Will 2013 be the year of the manufacturing renaissance? Plenty of groups are hoping so. NAM issued its "manufacturing renaissance" strategy over a year ago. Willy Shih and Gary Pisano of the Harvard Business School, as well as Craig Giffi at Deloitte, are leading advocates for policies that will encourage manufacturing innovation on our shores. And Boston Consulting Group has issued a series of reports pointing to a steady rise in new investment in American manufacturing over the next five years.

A year ago, many experts would have even predicted we were on the verge of such a renaissance. Manufacturing has grown faster than the overall economy for several years. Further, in the first quarter of 2012, factory activity took off at a China-like pace, growing at an annual rate of 10%. With a disappearing cost advantage in China, higher U.S. productivity, a fresh awareness of overseas supply chain risks and the comparative advantage arising from a shale gas and oil revolution, a growing number of experts are talking of a dramatic resurgence of American manufacturing.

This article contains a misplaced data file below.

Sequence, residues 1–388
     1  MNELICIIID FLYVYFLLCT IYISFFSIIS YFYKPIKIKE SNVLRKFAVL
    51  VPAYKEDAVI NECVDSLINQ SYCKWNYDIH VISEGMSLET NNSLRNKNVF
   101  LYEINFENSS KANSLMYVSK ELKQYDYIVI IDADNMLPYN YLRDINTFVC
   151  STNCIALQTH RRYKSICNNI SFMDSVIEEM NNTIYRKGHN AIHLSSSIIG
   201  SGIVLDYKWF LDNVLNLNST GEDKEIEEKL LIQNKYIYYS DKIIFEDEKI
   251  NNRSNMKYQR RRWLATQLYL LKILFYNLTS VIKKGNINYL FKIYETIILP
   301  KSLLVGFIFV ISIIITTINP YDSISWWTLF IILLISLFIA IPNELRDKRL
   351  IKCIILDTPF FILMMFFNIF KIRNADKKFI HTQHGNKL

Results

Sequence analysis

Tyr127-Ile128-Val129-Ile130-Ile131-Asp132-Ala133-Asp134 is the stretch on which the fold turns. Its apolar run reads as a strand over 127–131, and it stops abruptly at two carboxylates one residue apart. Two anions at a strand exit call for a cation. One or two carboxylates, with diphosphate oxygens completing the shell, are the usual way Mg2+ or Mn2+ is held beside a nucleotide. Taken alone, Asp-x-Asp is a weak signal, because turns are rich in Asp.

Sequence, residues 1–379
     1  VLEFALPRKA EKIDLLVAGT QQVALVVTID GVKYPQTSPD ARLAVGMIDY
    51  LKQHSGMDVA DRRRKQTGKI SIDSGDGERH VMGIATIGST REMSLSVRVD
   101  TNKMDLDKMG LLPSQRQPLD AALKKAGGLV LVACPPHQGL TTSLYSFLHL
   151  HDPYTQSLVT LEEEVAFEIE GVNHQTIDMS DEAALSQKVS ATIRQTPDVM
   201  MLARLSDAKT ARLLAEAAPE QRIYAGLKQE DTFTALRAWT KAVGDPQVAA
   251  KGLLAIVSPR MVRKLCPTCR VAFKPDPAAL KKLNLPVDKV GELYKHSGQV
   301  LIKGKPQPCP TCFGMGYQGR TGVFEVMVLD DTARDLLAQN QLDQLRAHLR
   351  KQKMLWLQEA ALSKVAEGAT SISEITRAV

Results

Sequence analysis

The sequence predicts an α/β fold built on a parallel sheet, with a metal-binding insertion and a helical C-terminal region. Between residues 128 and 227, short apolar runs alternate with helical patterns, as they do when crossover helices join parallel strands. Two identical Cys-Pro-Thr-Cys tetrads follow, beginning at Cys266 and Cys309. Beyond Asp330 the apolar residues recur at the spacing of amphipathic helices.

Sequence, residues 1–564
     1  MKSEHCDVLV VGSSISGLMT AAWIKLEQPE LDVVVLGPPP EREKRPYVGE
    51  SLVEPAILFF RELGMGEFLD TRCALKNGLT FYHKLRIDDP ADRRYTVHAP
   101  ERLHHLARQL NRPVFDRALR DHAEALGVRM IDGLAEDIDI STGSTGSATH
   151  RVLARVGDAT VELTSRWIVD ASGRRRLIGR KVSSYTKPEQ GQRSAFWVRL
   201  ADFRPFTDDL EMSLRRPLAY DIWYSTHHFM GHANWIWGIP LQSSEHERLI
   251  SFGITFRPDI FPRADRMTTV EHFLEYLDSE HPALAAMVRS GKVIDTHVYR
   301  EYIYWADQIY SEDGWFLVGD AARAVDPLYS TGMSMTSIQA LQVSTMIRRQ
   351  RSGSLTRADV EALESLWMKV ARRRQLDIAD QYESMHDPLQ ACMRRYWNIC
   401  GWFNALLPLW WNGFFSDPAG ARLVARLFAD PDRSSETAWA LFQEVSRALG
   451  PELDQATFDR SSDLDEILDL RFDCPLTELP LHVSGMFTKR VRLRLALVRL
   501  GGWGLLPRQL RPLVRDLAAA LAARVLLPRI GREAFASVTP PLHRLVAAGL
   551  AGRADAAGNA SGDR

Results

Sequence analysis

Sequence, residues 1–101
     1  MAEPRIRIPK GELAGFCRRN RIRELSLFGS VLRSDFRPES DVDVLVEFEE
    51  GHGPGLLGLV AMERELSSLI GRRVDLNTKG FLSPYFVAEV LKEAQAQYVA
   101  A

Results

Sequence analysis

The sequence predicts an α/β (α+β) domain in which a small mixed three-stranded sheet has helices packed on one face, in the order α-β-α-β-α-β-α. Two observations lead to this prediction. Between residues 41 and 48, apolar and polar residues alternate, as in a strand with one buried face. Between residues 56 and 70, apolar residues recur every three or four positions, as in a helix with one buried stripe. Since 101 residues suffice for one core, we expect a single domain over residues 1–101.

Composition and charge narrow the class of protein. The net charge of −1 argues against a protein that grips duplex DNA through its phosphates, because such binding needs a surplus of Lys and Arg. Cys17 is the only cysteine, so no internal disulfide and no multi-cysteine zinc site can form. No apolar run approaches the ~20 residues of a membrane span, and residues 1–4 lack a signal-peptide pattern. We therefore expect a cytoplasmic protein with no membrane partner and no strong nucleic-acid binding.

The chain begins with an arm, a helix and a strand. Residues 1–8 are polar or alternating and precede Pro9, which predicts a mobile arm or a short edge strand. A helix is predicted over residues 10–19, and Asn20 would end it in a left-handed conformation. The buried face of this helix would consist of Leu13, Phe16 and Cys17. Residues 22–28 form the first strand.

Indeed, in a recent MAPI survey, roughly one out of five respondents indicated that their companies have returned some activity to the United States over the past two years, and some of those companies plan to bring additional operations back in 2013. The leading reasons for this reshoring include declining labor cost advantage abroad, rising shipping costs and the desire to reduce supply chain uncertainty.

But many hurdles materialized in 2012 to prevent a U.S. manufacturing boom. First and foremost among these, of course, was the fiscal cliff. Combine that with a construction market just emerging from recession, continued economic decline in Europe, mounting concern over new federal regulations and uncertainty over tax rates, and many U.S. manufacturers felt compelled to remain on the sidelines in regard to investments and hiring. As a consequence, industry growth rates struggled to stay positive in the final three quarters of the year.